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Grizzly bears, black bears, wolves, coyotes, cougars/ mountain lions,bobcats, wolverines, lynx, foxes, fishers and martens are the suite of carnivores that originally inhabited North America after the Pleistocene extinctions. This site invites research, commentary, point/counterpoint on that suite of native animals (predator and prey) that inhabited The Americas circa 1500-at the initial point of European exploration and subsequent colonization. Landscape ecology, journal accounts of explorers and frontiersmen, genetic evaluations of museum animals, peer reviewed 20th and 21st century research on various aspects of our "Wild America" as well as subjective commentary from expert and layman alike. All of the above being revealed and discussed with the underlying goal of one day seeing our Continent rewilded.....Where big enough swaths of open space exist with connective corridors to other large forest, meadow, mountain, valley, prairie, desert and chaparral wildlands.....Thereby enabling all of our historic fauna, including man, to live in a sustainable and healthy environment. - Blogger Rick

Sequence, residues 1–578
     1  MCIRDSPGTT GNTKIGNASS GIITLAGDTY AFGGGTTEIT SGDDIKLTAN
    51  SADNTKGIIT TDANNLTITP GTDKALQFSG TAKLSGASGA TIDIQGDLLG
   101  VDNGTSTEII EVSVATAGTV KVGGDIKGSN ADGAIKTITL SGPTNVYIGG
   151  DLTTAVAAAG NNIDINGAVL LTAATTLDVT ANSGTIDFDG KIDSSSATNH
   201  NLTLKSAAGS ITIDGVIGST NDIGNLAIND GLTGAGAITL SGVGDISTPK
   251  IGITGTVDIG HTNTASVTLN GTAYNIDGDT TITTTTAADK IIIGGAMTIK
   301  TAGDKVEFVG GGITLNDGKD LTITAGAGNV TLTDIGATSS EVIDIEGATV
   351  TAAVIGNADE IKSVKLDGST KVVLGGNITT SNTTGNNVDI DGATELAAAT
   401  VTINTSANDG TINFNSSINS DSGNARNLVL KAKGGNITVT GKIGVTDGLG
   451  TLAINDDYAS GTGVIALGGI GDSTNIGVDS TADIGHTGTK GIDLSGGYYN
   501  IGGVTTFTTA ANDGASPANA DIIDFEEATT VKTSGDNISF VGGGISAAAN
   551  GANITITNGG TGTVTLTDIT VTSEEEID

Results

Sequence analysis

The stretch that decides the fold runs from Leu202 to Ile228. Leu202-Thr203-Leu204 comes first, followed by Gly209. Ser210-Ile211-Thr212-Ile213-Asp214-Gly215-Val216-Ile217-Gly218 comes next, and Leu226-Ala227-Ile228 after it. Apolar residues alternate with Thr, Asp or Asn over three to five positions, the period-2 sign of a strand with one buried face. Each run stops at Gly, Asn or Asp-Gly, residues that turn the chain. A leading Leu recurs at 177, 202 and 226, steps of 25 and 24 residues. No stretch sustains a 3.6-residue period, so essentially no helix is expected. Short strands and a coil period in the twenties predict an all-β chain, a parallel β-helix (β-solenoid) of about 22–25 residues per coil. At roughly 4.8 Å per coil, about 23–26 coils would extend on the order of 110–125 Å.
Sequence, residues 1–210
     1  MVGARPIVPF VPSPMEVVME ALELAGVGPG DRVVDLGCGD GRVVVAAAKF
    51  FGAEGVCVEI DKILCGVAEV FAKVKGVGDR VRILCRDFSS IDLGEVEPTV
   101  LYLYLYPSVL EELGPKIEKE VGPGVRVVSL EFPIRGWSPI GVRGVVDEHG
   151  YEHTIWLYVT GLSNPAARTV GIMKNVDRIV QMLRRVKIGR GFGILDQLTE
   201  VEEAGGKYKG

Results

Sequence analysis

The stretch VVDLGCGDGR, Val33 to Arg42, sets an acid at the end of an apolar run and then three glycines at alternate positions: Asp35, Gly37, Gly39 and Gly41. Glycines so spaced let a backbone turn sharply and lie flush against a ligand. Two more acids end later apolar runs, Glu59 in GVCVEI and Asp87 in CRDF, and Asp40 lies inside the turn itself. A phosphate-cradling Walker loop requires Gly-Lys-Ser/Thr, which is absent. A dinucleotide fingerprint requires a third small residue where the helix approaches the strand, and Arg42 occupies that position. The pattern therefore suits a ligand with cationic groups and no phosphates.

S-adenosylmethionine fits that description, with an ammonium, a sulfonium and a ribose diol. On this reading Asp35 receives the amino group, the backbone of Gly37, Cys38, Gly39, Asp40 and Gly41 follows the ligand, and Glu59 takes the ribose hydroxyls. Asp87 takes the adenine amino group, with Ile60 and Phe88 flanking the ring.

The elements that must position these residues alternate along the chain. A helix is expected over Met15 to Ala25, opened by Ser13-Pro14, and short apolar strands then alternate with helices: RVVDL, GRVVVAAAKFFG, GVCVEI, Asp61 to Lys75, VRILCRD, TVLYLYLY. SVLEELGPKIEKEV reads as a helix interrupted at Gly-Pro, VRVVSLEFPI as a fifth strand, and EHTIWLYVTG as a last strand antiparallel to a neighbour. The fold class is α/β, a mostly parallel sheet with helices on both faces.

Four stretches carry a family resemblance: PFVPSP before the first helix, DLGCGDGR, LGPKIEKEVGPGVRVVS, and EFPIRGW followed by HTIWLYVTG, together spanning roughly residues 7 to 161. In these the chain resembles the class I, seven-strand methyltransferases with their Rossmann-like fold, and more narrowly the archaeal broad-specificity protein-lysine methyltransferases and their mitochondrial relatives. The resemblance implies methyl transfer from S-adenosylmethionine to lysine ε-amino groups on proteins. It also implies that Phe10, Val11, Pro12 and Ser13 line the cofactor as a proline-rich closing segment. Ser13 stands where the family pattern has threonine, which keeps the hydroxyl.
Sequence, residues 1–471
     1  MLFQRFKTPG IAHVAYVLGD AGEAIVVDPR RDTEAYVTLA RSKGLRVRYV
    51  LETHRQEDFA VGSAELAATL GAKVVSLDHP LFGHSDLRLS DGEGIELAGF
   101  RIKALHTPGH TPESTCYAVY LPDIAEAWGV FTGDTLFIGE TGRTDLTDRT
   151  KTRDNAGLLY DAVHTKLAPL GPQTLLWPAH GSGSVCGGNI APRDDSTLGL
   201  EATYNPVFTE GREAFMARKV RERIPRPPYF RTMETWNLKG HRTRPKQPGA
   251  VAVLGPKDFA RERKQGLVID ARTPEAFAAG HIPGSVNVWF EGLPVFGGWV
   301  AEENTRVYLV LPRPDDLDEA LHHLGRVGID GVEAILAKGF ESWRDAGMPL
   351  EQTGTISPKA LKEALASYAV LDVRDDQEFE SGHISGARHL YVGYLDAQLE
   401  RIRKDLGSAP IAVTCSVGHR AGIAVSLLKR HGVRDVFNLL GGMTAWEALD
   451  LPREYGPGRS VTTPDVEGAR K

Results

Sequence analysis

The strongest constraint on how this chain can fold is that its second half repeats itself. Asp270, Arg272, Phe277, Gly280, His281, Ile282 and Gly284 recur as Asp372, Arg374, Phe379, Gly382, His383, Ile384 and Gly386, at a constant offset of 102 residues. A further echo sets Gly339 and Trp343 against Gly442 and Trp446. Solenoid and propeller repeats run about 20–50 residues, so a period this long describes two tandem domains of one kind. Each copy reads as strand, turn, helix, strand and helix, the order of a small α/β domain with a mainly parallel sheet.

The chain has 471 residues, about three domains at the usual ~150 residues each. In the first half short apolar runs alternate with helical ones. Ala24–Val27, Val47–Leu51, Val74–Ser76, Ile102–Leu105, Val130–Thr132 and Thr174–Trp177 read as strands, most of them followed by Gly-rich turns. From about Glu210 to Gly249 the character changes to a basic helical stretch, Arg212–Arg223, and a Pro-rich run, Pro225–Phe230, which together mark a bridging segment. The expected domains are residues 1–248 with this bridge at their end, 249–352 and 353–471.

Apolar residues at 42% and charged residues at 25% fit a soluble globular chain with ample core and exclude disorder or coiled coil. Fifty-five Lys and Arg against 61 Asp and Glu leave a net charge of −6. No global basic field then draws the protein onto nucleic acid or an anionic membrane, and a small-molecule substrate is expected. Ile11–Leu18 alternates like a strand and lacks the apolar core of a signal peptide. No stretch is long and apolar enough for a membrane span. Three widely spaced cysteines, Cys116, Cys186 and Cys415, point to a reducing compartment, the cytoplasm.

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Wednesday, July 31, 2013

We have been keeiping you up to date on the health of the Moose population across North America.............. Many of you know that Moose in New England and Colorado are some of the few herds that up till now have seemingly avoided the downward spiral that that the double whammy of winter ticks and deer brain disease have brought to Moose in the Great Lakes and other sectors of their range................New Hampshire biologists are starting to fear that Moose in their state are starting to be negatively impacted and they have secured $700,000 from the Federal Government to study their mortality and reproduction over the next number of years..........As a previous study 7 years ago did, information gleaned going forward will determine the extent and breath of future hunting seasons

NH to study moose population
CONCORD, N.H. (AP) — New Hampshire's Executive Council has approved a four-year, $695,000 study of the state's moose population, which state biologists fear is threatened by climate change.
State biologists believe shorter winters cause problems for the herd by giving a boost to ticks and other parasites that target the state's nearly 5,000 moose.
The Concord Monitor  says the money will be used to put radio collars on 80 to 100 moose and track their reproduction and mortality rates. The funding is coming from the federal government and is being coordinated by Fish and Game and the University of New Hampshire.
The herd was last studied in 2006. The results of the new study will help the state manage the moose population by adjusting the number of moose-hunting permits.

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